Television long ago replaced the fireplace as a family gathering point. Last night Americans could sit around their TV sets and end their Thanksgivings cozying up to the president of the United States as ABC presented "Ronald Reagan, at Home on the Ranch," starring Barbara Walters as herself.

The hour was an uncritical but engrossing encounter with Reagan that revealed, through his words or those of others, vulnerabilities never articulated quite so directly before. What viewers saw was a smart and good man rather than a brilliant and great one, a performer whose ingratiating personal style is getting its ultimate test as he faces grim political realities in Washington and the haunting aftermath of an assassination attempt.

The cumulative effect of this hour with Reagan and his family and friends was both cheering and troubling -- much as Reagan's daughter Patti said she found something "beautiful and frightening" in her father's eyes since the attempt on his life last March. One got the impression that no matter what his political fortunes may be over the next few years, Reagan seems unlikely now to want or seek a second term.

Perhaps what we ought to do every four years is elect one president and one national Nice Guy. Reagan seems ideally suited for the Nice Guy role, if intellectually underqualified for the presidency.

The first half-hour of the program, which included more generous views of Reagan's ranch than have been seen previously on TV, was basically so buttery that, should Reagan run again, the Republicans could use it as a rabble-rouser at their next convention. Reagan chops wood. Reagan feeds a carrot to his horse. Nancy and Ronnie's initials are carved in a stone. And Reagan goes for a jeep ride with passenger Walters, who bitches that this is "the scrungiest jeep" she'd ever seen.

Warm, folksy, western, rosy, cuddly, cute.

But there were also such telling moments as son Ron, usually camera shy, recalling the "strangely American nightmare" of keeping an assassination watch in front of a TV set, with his own father as a victim; and Patti, who called her father a "soft touch" (a phrase Reagan later used to describe himself) and noted the change in his demeanor since confronted so brutally with the specter of his own mortality.

"I really think he makes a better friend than a father," said Ron. And Reagan's brother Neal recalled how Ronnie used to fondle people's ear lobes as he talked to them. Again we saw him in film clips from another life, asking Pat O'Brien to "win just one for the Gipper" and, as a double amputee in "Kings Row" asking, "Where's the rest of me?"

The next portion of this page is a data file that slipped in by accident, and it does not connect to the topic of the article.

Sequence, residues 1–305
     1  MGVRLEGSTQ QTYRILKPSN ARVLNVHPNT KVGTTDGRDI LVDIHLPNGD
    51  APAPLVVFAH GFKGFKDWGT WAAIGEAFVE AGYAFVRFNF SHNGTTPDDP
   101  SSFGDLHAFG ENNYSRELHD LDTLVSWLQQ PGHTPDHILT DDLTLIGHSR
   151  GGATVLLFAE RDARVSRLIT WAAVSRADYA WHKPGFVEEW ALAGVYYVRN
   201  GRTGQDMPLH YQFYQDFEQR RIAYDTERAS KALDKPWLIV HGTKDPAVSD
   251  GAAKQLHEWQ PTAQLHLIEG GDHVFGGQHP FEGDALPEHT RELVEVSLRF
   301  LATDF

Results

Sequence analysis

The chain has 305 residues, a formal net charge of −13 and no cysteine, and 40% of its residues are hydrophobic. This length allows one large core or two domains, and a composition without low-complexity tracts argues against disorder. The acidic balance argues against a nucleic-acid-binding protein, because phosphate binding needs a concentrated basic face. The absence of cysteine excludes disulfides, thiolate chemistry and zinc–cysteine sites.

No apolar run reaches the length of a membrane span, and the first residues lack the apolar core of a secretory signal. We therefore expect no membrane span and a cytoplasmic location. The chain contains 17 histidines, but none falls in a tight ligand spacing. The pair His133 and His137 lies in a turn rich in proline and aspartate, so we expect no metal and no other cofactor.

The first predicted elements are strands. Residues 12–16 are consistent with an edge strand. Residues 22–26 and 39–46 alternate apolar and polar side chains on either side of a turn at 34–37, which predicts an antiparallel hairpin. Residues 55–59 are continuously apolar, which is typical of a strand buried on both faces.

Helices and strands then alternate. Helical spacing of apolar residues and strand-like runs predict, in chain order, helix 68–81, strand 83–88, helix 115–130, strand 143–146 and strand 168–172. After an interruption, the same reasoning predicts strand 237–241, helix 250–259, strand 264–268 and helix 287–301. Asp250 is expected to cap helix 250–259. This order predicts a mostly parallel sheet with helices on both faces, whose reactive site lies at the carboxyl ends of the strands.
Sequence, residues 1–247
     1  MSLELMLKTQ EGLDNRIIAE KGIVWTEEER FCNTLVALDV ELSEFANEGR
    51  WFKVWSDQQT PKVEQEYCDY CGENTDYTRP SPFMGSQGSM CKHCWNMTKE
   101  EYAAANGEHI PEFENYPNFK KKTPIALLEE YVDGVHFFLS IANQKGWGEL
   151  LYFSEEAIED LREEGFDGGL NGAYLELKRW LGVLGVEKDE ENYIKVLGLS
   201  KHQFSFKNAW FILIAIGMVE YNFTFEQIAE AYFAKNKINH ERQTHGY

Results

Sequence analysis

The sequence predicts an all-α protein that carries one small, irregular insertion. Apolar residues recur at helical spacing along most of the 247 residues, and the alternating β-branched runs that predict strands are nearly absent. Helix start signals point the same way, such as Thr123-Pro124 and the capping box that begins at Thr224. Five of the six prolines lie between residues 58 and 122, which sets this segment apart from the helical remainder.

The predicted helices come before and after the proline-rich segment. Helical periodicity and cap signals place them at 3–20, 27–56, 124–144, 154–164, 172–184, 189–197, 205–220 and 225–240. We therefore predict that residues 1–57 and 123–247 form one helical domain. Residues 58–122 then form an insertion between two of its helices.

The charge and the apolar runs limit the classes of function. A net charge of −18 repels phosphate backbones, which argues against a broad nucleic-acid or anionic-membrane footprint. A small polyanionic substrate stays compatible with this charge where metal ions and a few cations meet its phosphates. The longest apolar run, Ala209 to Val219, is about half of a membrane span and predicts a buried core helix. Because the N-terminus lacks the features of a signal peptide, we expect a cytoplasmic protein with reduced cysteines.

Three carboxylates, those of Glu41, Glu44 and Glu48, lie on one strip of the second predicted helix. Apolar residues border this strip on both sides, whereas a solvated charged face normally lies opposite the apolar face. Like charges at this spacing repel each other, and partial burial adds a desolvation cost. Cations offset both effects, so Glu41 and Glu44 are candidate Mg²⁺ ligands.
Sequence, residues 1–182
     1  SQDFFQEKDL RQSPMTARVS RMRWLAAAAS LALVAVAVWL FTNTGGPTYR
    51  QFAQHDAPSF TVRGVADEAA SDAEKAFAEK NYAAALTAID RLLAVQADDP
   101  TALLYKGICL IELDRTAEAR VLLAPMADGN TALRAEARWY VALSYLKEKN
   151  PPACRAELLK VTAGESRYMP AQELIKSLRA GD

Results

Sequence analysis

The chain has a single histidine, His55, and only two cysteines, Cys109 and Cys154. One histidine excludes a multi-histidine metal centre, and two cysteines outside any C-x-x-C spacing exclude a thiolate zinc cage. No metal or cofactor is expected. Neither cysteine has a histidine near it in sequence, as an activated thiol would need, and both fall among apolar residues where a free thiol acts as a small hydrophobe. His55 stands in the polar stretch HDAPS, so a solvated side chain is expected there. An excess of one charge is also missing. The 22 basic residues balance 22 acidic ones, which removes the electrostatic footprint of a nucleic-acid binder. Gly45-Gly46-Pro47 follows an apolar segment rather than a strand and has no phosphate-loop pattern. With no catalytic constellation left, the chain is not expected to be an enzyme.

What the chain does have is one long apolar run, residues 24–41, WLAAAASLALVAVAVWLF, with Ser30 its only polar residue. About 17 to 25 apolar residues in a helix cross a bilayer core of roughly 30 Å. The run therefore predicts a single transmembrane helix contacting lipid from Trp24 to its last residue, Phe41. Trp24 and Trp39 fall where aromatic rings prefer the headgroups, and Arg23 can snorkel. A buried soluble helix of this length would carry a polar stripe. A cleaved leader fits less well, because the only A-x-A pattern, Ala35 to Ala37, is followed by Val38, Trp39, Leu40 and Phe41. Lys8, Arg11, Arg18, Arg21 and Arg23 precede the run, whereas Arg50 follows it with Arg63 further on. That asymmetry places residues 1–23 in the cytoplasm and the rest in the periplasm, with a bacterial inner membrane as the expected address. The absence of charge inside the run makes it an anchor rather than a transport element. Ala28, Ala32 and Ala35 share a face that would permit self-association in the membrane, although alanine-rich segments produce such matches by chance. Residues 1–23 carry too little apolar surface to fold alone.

There seems to be the makings of a great movie in all of this -- maybe the best American movie since "Citizen Kane." The script is being written and the scenes shot right in front of everybody's eyes.

During the interview segment, taped Wednesday, outdoors at Reagan's ranch, the president told Walters he did not fire his chatterbox budget director because "I think David Stockman was not the sinner, he was sinned against" by the reporter who quoted him. "Dave Stockman believes in our program," Reagan said. "You sure?" asked Walters. "Yes, yes," said Reagan.

He was not nearly as forceful in defense of embattled national security adviser Richard Allen. Reagan said the Japanese involved in the Allen scandal had corroborated damaging evidence against him.

His toughest decision? The veto of the federal spending measure earlier this week. His biggest disappointment? An inability to control leaks from his administration to the press. Reagan sounded almost like Jimmy Carter -- though sorrowful, rather than petulant -- when he sighed, "I've never known any place like Washington" when it comes to the contagiousness of rumors.

Walters stumbled over the line that separates inquiry from meddling when she twice asked the president about his nightmares. He told her he did not have "nightmares" but, touchingly, he did say the assassination attempt had shocked him into the realization that he could be a danger to those who travel with him when he ventures out in public.

ABC seemed to overload the first half-hour of the program with commercials so that the interview portion, about 20 minutes, could run uninterrupted. Still, commercials there were. Right after Reagan stood on a mountaintop and said, "God really did shed his grace on America, as the song says," ABC cut directly to a shot of Lola Falana shaking her flora and fauna for Chevrolet.

Later, after Walters had asked Reagan her stock momentous questions about doomsday planes and nuclear war, there was an ad for Atari video games in which a little boy gripped his throttle and shouted, "My mission in life is to save all of mankind!"

The hour, produced by Joann Goldberg "with the cooperation," according to closing credits, "of ABC News," was worth doing and worth seeing. Walters seemed to restrain her Mary Worth instincts and didn't ask the president to be good with us or gentle with us or anything else with us. But one would hope that no reporter would ever get more "personal" with a president still in office than Walters got last night. It just wouldn't be nice.